The ending--which all but ignores the likely environmental consequence of the final Starfleet solution--has serious consequences for a cast member. But with bets firmly hedged, the film blunts the impact of the loss with a seemingly open condescension to the audience. Star Trek: Nemesis appears to be the end of the road for the Next Generation cast. With the possible exceptions of Stewart and Spiner, the cast's exit is unfortunately inglorious.

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Aspect ratios: 2.35:1 Anamorphic Widescreen

Number of discs: 2

Audio: Dolby Digital 5., 2.0 Surround

Street date: 10/4/2005

Distributor: Paramount Home Video

Star Trek: Nemesis—Special Collector's Edition gives the expected deluxe treatment to the most recent Star Trek feature. Fully supplanting the previous 1-disc special edition, the Special Collector's Edition offers just about everything a fan could hope for in a Nemesis DVD, short of an extended cut of the film. The serviceable transfer of the film includes potent soundtracks as well as two audio-commentary options, one with director Stuart Baird, the other with producer Rick Berman.

The awe-inspiring wealth of bonus materials continues in three sections crammed with well-produced featurettes. Production includes Nemesis Revisited (25:44), New Frontiers: Stuart Baird on Directing Nemesis (8:42), Storyboarding the Action (3:37), Red Alert! Shooting the Action of Nemesis (10:08), Build and Rebuild (7:44), Four-Wheeling in the Final Frontier (10:14), The Shinzon Screen Test (6:29). The Star Trek Universe covers A Star Trek Family's Final Journey (16:16), A Bold Vision of the Final Frontier (10:16), and The Enterprise E (11:36). The Romulan Empire, Romulan Lore (11:51), Shinzon and the Viceroy (10:00), Romulan Design (9:05), The Romulan Senate (8:57), and The Scimitar (13:14).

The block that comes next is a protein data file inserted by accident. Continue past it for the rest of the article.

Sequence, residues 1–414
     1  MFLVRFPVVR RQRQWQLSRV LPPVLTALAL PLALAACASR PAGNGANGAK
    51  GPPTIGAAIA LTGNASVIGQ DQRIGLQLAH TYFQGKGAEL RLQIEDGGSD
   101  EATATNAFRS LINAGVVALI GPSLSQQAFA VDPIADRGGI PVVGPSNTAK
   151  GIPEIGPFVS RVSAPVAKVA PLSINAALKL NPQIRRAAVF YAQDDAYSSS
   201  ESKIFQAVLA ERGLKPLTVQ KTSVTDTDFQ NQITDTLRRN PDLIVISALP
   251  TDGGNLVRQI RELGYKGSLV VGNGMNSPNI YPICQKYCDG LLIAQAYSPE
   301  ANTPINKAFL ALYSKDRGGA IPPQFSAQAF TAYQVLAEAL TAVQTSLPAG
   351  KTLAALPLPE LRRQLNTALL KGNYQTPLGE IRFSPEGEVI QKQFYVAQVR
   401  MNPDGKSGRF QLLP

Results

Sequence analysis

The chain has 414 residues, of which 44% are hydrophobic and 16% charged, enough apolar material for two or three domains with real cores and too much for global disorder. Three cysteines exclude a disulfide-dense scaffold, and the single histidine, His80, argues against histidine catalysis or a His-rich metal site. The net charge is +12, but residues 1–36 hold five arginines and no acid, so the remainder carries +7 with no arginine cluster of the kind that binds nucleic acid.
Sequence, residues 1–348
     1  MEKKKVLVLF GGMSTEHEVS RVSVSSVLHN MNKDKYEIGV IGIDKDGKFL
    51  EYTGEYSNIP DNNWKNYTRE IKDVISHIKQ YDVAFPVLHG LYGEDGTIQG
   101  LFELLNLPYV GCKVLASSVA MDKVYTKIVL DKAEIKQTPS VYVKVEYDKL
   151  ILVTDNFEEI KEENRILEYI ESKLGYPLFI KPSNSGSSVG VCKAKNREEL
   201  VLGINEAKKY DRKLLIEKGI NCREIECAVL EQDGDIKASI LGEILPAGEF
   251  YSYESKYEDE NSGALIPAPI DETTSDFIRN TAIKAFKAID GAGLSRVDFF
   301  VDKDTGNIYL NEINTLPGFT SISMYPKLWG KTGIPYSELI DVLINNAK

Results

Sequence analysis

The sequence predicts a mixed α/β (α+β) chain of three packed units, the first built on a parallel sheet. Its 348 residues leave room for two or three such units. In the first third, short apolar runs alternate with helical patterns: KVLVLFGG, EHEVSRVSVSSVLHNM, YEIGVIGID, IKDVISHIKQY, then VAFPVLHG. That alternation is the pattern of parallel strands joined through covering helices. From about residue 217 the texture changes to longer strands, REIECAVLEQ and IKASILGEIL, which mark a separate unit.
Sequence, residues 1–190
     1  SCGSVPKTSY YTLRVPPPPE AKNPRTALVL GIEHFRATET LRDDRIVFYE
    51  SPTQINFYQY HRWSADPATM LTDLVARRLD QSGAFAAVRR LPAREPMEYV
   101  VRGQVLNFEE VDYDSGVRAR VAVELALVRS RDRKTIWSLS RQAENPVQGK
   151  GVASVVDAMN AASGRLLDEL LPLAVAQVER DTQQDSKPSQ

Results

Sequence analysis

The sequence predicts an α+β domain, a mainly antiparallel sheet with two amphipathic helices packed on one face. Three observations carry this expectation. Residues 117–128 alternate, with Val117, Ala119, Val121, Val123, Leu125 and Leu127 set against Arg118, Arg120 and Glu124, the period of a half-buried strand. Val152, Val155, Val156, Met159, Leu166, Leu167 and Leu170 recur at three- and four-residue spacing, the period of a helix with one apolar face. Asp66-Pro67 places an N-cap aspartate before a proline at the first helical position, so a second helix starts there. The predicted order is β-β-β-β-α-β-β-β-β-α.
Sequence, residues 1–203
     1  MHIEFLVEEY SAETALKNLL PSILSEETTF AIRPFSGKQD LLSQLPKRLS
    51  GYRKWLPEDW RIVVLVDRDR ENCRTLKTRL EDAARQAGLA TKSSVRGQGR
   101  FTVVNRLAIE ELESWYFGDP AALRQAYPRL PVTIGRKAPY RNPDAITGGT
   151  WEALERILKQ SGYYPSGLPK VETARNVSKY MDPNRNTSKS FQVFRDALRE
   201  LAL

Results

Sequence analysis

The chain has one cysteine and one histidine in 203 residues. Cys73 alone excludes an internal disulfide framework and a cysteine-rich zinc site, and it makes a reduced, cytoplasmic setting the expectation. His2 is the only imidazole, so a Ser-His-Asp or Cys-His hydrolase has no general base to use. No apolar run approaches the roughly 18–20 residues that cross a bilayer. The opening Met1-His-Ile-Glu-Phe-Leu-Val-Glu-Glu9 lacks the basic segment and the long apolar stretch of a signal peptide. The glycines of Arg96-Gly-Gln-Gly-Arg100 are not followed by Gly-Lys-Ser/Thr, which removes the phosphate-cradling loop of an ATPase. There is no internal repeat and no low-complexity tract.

The self-explanatory featurettes delve into all aspects of the making of the film. They also provide cast and crew reflections on what appears to be the last Next Generation film, as well as glimpses behind the scenes as the friendly cast enjoys another on-set reunion (any tensions between the cast and director Stuart Baird, who showed up unschooled in Trek, remain offscreen). The screen test of Tom Hardy is an especially interesting bit of footage, showing an unedited live-to-video performance that shows the actors' theatrical chops.

The new special edition also nearly doubles the Deleted Scenes from the previous edition. Totalling 19:53 and preceded by a Rick Berman introduction, the deleted scenes include "Chateau Picard 2267," "The Time Of Conquest," "Federation Protocols," "A Loss Of Self," "Turbolift Violation," "Sickbay Prepares For Battle," "Advice For The New First Officer," "Wesley's New Mission," "Data And B-4," "The Chance For Peace," "Remember Him?," "Cleaning Out Data's Quarters," and "Crusher At Starfleet Medical." All are worth a look, and in particular, "Chateau Picard 2267" nicely deepens the Picard-Data friendship explored in the film.

Finally, the Archives section of the disc lays out three stills galleries ("Storyboards," "Production," and "Props") and trailers including a Teaser Trailer (1:36), Theatrical Trailer (2:06), and "Borg Invasion" Trailer (:32). Despite the film's flaws, no self-respecting Trekker can live without this stellar collector's edition.
Review gear:
Panasonic Viera TC-P55VT30 55" Plasma 1080p 3D HDTV
Oppo BDP-93 Universal Network 3D Blu-ray Disc Player
Denon AVR2112CI Integrated Network A/V Surround Receiver
Pioneer SP-BS41-LR Bookshelf Speaker (2)
Pioneer SP-C21 Center Speaker
Pioneer SW-8 Subwoofer